Herpes Zoster Motor Neuropathy in a Patient with Previous Motor Paresis Secondary to Vogt-Koyanagi-Harada Disease

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Abstract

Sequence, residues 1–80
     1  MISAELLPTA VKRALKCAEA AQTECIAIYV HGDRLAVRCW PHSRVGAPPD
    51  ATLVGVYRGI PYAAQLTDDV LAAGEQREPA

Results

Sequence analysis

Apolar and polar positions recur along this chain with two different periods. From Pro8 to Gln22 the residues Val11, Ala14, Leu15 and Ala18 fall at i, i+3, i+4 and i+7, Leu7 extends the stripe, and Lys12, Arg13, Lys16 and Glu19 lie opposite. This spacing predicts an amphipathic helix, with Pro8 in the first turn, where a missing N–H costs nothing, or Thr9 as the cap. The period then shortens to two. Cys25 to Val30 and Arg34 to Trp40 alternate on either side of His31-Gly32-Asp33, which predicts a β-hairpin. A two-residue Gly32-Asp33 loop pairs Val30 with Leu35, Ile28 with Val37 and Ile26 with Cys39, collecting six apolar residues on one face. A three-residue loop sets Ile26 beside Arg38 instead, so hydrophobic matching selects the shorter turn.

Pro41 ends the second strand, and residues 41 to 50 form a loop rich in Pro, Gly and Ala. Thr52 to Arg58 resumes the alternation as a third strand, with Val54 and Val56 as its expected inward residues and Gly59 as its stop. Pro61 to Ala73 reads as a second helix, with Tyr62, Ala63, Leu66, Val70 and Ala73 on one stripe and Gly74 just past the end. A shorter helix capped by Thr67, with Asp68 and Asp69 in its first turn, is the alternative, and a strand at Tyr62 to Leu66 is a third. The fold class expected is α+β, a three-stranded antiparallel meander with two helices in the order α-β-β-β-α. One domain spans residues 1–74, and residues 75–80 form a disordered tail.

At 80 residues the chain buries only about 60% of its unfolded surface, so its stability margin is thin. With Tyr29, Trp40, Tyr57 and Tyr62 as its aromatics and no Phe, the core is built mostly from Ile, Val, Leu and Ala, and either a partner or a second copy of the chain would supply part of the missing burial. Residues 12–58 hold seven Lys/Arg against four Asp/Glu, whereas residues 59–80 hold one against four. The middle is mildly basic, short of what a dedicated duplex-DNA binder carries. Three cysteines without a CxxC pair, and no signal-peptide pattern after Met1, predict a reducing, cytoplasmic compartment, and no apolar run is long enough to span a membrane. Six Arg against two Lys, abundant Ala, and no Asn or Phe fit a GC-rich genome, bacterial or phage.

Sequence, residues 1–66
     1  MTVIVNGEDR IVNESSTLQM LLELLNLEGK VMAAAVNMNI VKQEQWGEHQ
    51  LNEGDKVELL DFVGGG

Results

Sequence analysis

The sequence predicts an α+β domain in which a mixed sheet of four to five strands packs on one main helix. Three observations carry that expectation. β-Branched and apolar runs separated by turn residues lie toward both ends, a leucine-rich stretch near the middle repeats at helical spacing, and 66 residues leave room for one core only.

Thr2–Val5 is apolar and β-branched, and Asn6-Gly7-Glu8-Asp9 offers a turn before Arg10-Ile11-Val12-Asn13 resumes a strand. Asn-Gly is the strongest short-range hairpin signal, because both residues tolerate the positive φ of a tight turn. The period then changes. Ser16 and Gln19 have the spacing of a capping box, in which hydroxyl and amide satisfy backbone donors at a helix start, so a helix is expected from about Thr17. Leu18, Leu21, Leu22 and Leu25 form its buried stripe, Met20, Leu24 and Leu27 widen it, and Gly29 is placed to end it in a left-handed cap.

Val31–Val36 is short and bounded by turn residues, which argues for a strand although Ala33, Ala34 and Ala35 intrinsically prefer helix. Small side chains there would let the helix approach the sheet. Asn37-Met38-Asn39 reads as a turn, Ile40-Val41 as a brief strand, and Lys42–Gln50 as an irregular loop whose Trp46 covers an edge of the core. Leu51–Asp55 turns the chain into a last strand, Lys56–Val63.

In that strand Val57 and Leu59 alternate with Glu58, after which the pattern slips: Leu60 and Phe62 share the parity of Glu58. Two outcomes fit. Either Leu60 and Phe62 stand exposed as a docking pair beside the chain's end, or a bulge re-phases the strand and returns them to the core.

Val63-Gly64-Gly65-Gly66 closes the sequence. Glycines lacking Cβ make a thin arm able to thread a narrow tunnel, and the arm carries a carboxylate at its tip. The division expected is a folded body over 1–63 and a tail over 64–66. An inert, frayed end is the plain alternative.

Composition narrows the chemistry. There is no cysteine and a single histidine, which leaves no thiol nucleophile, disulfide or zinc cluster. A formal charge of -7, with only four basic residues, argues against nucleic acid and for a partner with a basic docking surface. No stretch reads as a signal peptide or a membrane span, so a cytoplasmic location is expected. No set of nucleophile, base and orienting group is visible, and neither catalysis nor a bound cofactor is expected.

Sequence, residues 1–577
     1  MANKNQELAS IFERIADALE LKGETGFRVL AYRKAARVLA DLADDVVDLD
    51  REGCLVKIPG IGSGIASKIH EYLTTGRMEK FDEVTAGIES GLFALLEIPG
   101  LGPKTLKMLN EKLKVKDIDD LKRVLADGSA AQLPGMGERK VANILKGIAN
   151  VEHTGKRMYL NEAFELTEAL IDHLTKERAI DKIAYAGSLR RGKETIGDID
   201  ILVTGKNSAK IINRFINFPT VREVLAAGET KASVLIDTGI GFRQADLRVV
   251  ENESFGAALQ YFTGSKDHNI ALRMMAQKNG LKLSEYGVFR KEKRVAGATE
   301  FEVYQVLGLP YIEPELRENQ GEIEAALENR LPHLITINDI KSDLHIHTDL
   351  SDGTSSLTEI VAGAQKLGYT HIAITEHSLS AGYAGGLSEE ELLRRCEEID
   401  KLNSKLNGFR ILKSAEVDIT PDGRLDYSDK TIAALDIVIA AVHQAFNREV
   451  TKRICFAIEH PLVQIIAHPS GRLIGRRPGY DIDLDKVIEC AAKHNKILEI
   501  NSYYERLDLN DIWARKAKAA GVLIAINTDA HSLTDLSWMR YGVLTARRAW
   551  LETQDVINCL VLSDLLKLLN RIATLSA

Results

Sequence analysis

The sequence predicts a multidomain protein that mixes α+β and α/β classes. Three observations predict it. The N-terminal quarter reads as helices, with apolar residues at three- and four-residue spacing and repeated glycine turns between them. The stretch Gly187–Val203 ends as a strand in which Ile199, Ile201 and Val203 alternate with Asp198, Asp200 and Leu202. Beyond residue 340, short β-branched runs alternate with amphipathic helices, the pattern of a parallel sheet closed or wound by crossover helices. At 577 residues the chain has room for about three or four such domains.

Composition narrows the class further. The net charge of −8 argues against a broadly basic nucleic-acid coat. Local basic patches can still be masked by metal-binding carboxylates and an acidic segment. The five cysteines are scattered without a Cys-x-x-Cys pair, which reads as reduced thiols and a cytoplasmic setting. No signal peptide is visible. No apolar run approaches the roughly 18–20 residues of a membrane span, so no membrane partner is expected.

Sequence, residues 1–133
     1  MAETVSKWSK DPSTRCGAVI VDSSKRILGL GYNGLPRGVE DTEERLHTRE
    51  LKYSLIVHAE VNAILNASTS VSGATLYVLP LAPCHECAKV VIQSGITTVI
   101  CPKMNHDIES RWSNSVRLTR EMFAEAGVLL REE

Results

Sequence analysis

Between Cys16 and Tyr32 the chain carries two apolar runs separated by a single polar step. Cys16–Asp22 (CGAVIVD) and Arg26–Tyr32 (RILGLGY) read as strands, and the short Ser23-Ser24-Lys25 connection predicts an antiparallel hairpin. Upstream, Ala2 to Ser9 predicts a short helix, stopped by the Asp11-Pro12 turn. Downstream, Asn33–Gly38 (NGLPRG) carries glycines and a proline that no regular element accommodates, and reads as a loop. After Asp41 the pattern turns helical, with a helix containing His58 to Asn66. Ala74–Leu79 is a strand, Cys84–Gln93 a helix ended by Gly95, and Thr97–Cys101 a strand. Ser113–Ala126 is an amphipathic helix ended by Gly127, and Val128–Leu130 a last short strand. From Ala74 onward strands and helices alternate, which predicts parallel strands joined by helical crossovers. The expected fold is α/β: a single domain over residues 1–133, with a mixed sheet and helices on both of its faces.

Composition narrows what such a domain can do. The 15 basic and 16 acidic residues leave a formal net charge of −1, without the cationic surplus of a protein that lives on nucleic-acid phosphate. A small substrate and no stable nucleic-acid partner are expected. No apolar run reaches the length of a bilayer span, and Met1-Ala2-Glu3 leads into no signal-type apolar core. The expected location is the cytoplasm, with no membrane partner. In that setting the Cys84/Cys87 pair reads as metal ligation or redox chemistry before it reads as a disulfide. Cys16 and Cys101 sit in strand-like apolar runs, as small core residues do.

Motor involvement in herpes zoster is very infrequent, occurring in 3%–5% of cases, and it is caused by extension of the inflammatory process to the anterior horn motor neurons, with the subsequent development of segmental motor paralysis. The authors report a 37-yr-old woman with history of paresis in both lower limbs secondary to spinal cord atrophy associated with Vogt-Koyanagi-Harada disease and immunosuppression caused by chronic corticosteroid and azathioprine treatment of ulcerative colitis, who developed worsening of her baseline residual muscle strength in the right lower limb shortly after herpes zoster eruption. Electromyography revealed acute denervation in territories corresponding to L3–L4 and moderate widespread axonal polyneuropathy affecting both lower limbs. The patient recovered her baseline muscle strength after this event. To the best of the authors’ knowledge, this is the first reported case of herpes zoster motor neuropathy in a patient with a previous motor sequel.

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